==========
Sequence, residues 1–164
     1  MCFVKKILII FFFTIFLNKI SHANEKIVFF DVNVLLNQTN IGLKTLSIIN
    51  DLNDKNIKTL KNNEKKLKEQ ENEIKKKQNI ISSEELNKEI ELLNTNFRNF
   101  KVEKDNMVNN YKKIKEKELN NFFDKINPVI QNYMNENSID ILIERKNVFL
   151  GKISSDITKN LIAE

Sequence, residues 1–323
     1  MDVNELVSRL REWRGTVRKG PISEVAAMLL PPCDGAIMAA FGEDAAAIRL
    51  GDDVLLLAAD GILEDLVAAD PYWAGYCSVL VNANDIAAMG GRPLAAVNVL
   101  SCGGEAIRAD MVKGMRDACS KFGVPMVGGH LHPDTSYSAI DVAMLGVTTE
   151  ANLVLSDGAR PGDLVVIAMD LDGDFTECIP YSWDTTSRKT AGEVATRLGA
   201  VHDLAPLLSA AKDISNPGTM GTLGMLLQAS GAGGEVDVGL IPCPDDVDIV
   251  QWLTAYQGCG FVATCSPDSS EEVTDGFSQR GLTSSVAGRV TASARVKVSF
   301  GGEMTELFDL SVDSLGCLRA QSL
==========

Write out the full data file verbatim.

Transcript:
Sequence, residues 1–164
     1  MCFVKKILII FFFTIFLNKI SHANEKIVFF DVNVLLNQTN IGLKTLSIIN
    51  DLNDKNIKTL KNNEKKLKEQ ENEIKKKQNI ISSEELNKEI ELLNTNFRNF
   101  KVEKDNMVNN YKKIKEKELN NFFDKINPVI QNYMNENSID ILIERKNVFL
   151  GKISSDITKN LIAE

Sequence, residues 1–323
     1  MDVNELVSRL REWRGTVRKG PISEVAAMLL PPCDGAIMAA FGEDAAAIRL
    51  GDDVLLLAAD GILEDLVAAD PYWAGYCSVL VNANDIAAMG GRPLAAVNVL
   101  SCGGEAIRAD MVKGMRDACS KFGVPMVGGH LHPDTSYSAI DVAMLGVTTE
   151  ANLVLSDGAR PGDLVVIAMD LDGDFTECIP YSWDTTSRKT AGEVATRLGA
   201  VHDLAPLLSA AKDISNPGTM GTLGMLLQAS GAGGEVDVGL IPCPDDVDIV
   251  QWLTAYQGCG FVATCSPDSS EEVTDGFSQR GLTSSVAGRV TASARVKVSF
   301  GGEMTELFDL SVDSLGCLRA QSL